In geology, an ‘erratic’ is a rock of a different composition to that which predominates in the environment where it is found. Scientists speculate that glacial activity is responsible for these irregularities; glaciers carry rocks far from their origins and deposit them on foreign ground when their ice melts, like stowaway cargo.
For his new permanent public sculpture in Ōtautahi, Brett Graham investigates the form of the erratic to complicate narratives of arrival and discovery in Antarctica. Carved from a slab of Norwegian Arctic White granite and placed opposite the Robert Falcon Scott statue on the other side of the Ōtākaro Avon River, Graham’s sculpture is a tribute to Roald Amundsen, the Norwegian explorer who used techniques learned from Inuit communities to survive the severe cold and unpredictable conditions of Antarctica. Despite reaching the South Pole thirty-three days before Scott and his party, Amundsen’s expedition and the role of Indigenous knowledge is largely overlooked in the region’s history in favour of that which depicts Scott (and Britain by extension) as the heroic explorer.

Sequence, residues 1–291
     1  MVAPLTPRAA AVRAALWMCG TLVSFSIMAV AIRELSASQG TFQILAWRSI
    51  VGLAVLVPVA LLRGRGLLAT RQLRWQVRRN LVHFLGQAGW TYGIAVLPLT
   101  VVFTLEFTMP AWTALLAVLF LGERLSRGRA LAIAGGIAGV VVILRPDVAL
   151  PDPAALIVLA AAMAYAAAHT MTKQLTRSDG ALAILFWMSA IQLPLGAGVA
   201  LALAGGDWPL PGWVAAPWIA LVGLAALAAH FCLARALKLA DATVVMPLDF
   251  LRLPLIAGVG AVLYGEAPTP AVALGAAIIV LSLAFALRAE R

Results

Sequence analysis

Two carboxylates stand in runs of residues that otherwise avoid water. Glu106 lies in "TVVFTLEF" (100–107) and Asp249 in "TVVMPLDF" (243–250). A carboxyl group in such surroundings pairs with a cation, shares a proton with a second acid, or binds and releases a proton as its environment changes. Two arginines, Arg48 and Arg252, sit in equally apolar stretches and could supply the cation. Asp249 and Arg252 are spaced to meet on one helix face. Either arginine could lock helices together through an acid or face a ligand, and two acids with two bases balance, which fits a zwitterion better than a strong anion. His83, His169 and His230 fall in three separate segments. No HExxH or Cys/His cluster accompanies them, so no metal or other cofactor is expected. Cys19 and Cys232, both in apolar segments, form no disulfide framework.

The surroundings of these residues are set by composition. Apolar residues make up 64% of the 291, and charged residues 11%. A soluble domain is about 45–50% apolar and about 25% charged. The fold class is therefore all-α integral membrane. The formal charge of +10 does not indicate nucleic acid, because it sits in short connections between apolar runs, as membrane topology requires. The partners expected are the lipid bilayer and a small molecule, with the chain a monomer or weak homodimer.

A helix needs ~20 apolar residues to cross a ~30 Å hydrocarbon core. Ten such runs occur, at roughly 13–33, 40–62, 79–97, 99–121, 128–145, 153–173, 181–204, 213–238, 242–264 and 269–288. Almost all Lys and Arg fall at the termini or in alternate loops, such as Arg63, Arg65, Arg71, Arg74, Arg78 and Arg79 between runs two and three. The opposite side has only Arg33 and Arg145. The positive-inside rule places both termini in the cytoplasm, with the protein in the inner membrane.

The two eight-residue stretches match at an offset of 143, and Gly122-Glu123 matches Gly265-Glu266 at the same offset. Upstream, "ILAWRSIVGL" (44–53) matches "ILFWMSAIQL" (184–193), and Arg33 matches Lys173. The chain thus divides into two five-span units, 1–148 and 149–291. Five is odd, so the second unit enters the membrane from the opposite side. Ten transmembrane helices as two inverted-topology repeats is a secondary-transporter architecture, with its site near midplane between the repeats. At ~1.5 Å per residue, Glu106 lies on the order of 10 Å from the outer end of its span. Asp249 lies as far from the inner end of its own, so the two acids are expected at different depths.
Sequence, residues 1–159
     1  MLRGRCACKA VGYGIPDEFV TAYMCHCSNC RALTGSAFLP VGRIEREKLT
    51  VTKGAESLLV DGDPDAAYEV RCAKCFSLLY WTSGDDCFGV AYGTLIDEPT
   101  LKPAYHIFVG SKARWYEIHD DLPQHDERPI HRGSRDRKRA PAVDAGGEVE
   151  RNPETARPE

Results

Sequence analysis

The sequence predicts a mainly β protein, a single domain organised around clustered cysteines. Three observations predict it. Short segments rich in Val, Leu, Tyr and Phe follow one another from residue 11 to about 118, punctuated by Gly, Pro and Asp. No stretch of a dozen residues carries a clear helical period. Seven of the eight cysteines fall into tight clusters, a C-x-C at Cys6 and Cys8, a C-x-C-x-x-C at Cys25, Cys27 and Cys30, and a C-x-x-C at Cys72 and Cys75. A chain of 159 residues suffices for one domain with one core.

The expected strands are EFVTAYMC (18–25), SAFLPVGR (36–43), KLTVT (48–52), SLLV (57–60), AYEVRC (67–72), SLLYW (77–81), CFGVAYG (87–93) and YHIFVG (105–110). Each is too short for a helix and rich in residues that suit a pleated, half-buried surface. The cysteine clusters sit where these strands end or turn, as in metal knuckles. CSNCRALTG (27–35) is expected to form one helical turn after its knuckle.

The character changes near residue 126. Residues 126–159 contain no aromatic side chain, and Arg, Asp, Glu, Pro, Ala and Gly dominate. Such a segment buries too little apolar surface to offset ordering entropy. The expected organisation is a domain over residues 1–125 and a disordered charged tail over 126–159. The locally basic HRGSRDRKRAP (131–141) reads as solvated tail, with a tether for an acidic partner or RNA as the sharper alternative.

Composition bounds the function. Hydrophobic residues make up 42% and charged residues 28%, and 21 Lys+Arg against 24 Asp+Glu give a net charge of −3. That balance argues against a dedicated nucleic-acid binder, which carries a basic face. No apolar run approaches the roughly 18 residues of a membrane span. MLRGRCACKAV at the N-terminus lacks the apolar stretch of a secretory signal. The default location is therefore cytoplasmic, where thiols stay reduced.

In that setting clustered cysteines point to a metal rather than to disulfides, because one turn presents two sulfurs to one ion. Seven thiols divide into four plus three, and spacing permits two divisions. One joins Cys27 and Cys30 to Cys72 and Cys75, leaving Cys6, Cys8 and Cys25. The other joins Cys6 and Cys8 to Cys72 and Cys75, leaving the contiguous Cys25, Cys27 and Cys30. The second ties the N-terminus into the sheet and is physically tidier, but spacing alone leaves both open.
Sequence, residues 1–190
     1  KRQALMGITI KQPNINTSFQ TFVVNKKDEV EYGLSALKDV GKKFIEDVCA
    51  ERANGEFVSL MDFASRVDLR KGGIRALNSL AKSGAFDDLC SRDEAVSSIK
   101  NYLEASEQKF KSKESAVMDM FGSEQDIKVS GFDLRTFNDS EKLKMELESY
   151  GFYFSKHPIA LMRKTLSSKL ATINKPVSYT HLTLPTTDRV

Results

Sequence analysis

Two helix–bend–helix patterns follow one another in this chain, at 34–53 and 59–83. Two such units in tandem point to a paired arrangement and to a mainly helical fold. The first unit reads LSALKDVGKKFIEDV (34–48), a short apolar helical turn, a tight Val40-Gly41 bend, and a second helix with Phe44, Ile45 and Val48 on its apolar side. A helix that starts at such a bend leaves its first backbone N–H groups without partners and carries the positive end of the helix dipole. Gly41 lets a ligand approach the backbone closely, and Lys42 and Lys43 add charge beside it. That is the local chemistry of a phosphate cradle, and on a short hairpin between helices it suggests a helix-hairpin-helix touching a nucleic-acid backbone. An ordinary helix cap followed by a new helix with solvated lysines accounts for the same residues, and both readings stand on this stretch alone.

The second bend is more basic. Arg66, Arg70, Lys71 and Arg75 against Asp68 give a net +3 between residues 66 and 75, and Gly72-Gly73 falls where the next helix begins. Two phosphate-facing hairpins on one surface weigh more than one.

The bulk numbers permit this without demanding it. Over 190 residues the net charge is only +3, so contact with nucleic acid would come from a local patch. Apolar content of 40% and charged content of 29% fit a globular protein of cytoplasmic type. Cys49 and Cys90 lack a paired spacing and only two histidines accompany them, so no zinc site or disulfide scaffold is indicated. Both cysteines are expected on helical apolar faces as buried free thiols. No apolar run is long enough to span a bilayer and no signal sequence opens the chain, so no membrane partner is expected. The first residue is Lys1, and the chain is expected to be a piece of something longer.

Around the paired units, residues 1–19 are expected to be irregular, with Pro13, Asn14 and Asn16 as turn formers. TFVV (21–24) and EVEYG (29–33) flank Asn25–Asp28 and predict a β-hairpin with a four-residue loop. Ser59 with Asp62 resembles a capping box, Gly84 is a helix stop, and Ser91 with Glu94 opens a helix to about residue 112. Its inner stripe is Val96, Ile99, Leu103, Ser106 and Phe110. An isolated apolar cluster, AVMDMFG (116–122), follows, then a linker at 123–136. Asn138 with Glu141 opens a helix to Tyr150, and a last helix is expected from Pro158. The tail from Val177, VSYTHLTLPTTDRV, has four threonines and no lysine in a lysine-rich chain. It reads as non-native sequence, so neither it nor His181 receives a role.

The flat oval form of Erratic, which features ninety-nine small mounds spiralling out from its centre (one for each day of Amundsen’s expedition), is a quiet take on the memorial and a modest intervention into the carefully landscaped inner-city riverbank. Like the erratic, it both belongs and doesn’t, and intimates powerful yet unknowable movements across time and space.
Erratic, commissioned by Christchurch City Council and produced in association with SCAPE Public Art, was installed on 11 March 2023.